Dispatch: Al Qaeda's 'Inspire' Magazine
Vice President of Tactical Intelligence Scott Stewart analyzes the latest edition of al Qaeda of the Arabian Peninsula's English-language jihadist magazine.
Editor’s Note: Transcripts are generated using speech-recognition technology. Therefore, STRATFOR cannot guarantee their complete accuracy.
Last week, al Qaeda of the Arabian Peninsula released the fifth edition of "Inspire," their English-language magazine. We're going to take a look at "Inspire" now to see what it says about the organization.
Like many of the other editions of "Inspire," this one has a wide range of articles. Some of the content is original, but much of it is borrowed from elsewhere. For example, there are two articles that reproduce speeches that were given by al Qaeda No. 2 man Ayman al-Zawahiri who's an Egyptian doctor. One of the recurring themes we've seen in this magazine has been the theme of jihadists being radicalized in the West by this magazine but then conducting attacks in the West. This theme like in past editions has been echoed over and over and in fact we see at least three repetitions of it in this magazine.
The magazine also seeks to encourage these jihadists to conduct lone wolf attacks. Lone wolf assailants are really the most difficult type for government intelligence and security agencies to gather intelligence about. Really to find a lone wolf assailant, you need to monitor his activities closely and understand what's going on inside his head if he doesn't communicate to other people. Because of this, the lone wolf really presents a challenge to Western security and intelligence agencies.
Now, like the other editions of "Inspire" magazine, this magazine also is very slick production-wise. It's meant to be appealing especially to younger aspiring jihadis in the English-speaking world. Places like the U.S., the U.K., Canada, even countries like Pakistan and India. One of the hooks that Samir Khan uses in this magazine to kind of draw in his readers is the use of lampoons with these fake advertisements that he puts in the magazine. In this current edition we see ads put in ridiculing Moammar Gadhafi, the Libyan leader, also the Yemeni president, Saleh.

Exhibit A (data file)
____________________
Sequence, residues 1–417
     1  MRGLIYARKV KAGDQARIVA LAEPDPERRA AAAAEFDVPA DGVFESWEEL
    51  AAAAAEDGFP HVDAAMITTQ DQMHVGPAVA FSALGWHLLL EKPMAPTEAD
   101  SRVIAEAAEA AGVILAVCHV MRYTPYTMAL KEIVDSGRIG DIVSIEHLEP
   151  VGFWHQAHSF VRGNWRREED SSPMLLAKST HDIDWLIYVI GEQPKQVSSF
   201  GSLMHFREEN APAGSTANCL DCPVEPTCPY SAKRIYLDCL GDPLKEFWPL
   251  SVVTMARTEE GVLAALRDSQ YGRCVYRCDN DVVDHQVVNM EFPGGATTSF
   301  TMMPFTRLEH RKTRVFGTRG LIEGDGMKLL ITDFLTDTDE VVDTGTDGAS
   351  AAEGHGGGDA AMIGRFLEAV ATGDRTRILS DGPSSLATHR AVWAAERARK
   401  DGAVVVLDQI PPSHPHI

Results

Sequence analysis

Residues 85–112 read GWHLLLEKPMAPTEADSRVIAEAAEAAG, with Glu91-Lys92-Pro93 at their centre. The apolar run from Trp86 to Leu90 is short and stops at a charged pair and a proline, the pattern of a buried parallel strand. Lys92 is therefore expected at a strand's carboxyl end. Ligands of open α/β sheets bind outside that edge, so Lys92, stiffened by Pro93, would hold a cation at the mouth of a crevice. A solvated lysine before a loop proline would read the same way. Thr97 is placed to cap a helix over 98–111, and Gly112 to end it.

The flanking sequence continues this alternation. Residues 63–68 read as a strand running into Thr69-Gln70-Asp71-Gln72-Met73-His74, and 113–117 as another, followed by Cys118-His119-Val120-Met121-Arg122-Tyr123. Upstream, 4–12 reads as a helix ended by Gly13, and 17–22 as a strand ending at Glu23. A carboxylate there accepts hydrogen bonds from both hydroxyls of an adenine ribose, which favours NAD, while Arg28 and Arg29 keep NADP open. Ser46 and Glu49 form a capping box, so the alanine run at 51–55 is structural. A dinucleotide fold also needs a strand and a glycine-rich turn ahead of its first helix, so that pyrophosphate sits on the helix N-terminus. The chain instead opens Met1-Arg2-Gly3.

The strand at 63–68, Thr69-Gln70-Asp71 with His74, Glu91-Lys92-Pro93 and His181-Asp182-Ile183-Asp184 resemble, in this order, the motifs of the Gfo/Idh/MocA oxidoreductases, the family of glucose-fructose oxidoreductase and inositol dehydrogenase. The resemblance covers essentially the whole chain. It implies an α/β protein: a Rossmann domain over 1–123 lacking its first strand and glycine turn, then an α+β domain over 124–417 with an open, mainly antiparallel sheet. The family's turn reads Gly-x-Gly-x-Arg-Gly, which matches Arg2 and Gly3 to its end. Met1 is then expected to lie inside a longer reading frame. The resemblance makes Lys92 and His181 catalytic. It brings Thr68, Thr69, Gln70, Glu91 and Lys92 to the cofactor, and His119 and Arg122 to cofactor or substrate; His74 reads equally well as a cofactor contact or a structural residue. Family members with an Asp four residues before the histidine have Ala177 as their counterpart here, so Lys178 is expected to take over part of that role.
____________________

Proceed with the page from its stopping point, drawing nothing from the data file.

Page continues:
"Inspire" magazine has a regular feature called "Open Source Jihad." And this is the feature that is intended to train these lone wolves and small cells in the West to conduct attacks and to provide them with the tools necessary to do attacks. However, in this edition of the magazine, the only article that's in the "Open Source Jihad" section is an article on field-stripping the AK-47. And obviously that's not a particularly useful skill for someone in the West looking to conduct a terrorist attack.
To help place "Inspire" in context, it's important to remember that Samir Khan was raised in the United States and he was living in his parents' house in North Carolina, publishing jihadist literature from the U.S. for several years. After receiving pressure from the FBI he moved over to Yemen and began publishing "Inspire." But it's important remember that he is really more of a jihadist cheerleader and not a real seasoned and battle-hardened veteran.